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I could use some help figuring out how best to analyze my data with SPSS. I'm new to statistical analysis and SPSS, and trying to solve these issues is melting my brain. Sorry if this question is confusing or too nonspecific.

Some of the details of my research have been changed for privacy reasons. I created and distributed a survey to two schools--let's call them Alpha College and Beta University. I'm studying how important students think it is to follow rules with regards to plagiarism, drugs, and sex, and I've hypothesized that, due to a difference in campus culture, students at Alpha College are going to be more consistent in how they view the rules--that is to say, Alpha students are going to find the rules for all three subjects similarly important. On the contrary, I hypothesize that the campus culture at Beta University is a lot less salient when it comes to rules, and so I expect that Beta students will experience more variation in importance across the three subjects.

I measured "rule importance" with three different multiple-item Likert scales according to subject--so I have three variables, plagiarismImportanceScore, drugsImportanceScore, and sexImportanceScore. Each of these Likert scales contained a different number of items, so where a maximum score on plagiarismImportanceScore might be 25, the maximum on drugsImportanceScore might be 15 instead. I've also measured school-- a value of 1 means "Alpha College," and a value of 2 means "Beta University."

How, in SPSS, do I test how similar the scores for plagiarismImportanceScore, drugsImportanceScore, and sexImportanceScore are, differentiated between Alpha students and Beta students?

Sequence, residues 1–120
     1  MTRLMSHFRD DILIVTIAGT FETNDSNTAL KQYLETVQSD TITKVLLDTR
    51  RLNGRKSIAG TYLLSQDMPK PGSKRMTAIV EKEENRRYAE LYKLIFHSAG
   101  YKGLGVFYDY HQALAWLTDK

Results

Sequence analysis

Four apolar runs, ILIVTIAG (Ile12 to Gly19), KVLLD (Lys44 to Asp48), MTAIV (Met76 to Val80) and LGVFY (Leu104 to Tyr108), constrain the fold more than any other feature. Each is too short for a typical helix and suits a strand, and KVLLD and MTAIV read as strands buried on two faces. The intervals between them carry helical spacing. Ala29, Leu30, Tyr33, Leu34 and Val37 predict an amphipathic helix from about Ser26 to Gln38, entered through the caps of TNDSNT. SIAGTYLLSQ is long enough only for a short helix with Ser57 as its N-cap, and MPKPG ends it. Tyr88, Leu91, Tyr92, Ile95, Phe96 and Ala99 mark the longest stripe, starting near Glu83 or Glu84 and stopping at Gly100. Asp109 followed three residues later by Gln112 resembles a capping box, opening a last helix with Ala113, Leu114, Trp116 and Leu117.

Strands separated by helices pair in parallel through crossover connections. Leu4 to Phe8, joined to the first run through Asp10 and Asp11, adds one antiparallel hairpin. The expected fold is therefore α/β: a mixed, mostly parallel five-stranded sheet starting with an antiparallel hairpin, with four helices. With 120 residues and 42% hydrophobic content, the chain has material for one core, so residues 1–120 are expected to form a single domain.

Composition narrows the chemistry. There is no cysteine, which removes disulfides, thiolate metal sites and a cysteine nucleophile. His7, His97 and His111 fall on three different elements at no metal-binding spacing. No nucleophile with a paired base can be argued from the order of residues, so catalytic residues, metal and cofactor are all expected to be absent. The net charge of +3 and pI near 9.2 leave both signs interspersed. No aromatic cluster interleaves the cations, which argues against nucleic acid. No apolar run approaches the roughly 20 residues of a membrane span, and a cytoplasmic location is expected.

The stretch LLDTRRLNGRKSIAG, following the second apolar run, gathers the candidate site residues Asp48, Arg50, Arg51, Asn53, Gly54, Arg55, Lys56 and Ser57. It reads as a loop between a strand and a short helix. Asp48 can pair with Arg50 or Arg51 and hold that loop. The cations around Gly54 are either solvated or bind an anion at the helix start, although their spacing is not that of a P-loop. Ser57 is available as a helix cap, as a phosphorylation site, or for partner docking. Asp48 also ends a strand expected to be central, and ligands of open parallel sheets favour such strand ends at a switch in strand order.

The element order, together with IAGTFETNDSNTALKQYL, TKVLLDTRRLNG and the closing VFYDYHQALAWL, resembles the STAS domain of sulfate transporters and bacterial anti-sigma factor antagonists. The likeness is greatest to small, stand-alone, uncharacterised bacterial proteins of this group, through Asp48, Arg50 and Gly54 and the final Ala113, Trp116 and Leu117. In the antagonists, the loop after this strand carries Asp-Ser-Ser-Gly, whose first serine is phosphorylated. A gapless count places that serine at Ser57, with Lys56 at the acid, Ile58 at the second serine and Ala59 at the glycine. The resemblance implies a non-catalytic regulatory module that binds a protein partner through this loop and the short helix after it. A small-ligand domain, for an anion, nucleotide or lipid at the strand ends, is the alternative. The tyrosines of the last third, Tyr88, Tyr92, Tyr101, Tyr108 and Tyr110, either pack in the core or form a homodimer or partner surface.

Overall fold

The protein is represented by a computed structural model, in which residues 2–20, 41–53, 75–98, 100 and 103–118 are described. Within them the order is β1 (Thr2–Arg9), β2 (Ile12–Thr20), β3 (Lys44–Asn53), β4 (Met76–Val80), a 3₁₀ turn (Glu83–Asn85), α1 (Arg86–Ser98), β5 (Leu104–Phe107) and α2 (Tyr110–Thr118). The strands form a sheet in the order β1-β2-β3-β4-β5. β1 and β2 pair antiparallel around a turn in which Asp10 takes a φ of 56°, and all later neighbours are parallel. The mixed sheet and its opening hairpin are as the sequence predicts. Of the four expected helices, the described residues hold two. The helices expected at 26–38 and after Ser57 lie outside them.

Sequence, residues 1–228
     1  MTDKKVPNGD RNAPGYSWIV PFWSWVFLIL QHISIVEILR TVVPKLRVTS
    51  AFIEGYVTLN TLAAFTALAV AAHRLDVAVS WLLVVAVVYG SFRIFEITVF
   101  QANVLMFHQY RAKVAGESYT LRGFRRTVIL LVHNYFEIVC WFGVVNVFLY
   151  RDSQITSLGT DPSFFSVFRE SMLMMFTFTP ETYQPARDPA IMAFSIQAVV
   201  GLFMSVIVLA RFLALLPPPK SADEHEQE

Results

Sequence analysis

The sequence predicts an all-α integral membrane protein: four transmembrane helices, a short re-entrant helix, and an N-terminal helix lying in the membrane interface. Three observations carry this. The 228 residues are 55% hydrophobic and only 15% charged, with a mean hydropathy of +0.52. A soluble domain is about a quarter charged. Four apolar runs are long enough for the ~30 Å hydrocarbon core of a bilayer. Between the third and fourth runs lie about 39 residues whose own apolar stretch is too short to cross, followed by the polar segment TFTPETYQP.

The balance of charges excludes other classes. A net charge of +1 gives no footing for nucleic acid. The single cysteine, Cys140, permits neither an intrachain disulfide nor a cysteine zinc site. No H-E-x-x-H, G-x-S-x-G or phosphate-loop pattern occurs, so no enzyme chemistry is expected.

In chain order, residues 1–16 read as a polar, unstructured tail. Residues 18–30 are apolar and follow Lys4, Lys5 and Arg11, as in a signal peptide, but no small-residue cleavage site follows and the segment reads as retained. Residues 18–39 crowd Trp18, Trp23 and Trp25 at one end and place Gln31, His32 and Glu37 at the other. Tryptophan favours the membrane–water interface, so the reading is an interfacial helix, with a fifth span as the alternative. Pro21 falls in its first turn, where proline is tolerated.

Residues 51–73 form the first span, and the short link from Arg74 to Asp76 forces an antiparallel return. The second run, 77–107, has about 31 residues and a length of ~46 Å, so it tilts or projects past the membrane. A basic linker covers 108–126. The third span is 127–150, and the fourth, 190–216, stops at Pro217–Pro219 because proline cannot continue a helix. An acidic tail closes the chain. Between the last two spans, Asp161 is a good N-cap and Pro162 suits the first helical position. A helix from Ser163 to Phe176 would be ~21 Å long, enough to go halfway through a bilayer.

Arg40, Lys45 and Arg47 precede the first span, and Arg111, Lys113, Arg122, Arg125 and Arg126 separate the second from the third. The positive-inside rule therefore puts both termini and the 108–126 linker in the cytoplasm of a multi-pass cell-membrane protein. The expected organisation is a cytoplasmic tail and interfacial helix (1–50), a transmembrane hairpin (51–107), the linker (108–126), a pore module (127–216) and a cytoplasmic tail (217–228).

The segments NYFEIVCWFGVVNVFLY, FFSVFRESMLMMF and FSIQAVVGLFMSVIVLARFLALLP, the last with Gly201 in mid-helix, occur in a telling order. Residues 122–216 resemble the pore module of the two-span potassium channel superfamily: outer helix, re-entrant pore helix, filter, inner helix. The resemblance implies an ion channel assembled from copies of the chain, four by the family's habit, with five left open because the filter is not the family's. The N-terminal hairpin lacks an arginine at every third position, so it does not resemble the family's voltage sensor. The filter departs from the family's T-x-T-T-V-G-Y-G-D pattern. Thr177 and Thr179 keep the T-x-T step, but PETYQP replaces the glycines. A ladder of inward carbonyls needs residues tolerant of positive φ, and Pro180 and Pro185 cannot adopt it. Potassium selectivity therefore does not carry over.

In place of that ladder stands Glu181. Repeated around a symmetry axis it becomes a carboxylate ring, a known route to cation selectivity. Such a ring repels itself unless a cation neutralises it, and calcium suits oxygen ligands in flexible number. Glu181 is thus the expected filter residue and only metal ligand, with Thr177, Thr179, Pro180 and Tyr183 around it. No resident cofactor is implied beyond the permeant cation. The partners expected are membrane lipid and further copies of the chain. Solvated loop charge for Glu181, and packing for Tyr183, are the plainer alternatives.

Ultimately, what I'm looking for is data that essentially says, "Alpha students have more consistent attitudes toward rules as a whole than Beta students."

Any and all help will be appreciated. Thank you.

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  • $\begingroup$ I wonder whether there is a good way to quantify variability among 3 scores on the individual level. If you had more variables, individuals' standard deviations among their scores might be a possible candidate to compare between the two schools. With 3 (if all on the same likert scale), sums of absolute differences might be possible. Others might have better suggestions and I'm curious too. $\endgroup$
    – Sootica
    Apr 9 '13 at 3:06
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Based upon your research design, I would hypothesize that one analysis you might want to look into is a logistic regression model. This model is typically conducted with a binary response variable, and predictors are incorporated to see how well they help differentiate between the response categories.

In your case, you are predicting school membership (Alpha | Beta), and trying to use your plagiarism, drugs, and gender scores to do so. A significant predictor in this model would tell you that, controlling for the other predictors, it accounts for a proportion of the variability in the log odds of attending one school or the other. You can further interpret the individual coefficients to understand what one school is doing more or less of.

To get you started, I would recommend looking at the logistic regression chapter in Tabachnick and Fidell's Using Multivariate Statistics, or (for an applied example using SPSS, without much of the mathematical background) Andy Field's Discovering Statistics with SPSS.

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  • $\begingroup$ This is a good way to look at school differences in these three variables. I think user2110135 was looking for ways to compare how individual differences in these three scores are different across two schools. Could you explain a bit how logistic regression can help that? Many thanks! $\endgroup$
    – Sootica
    Apr 9 '13 at 3:29

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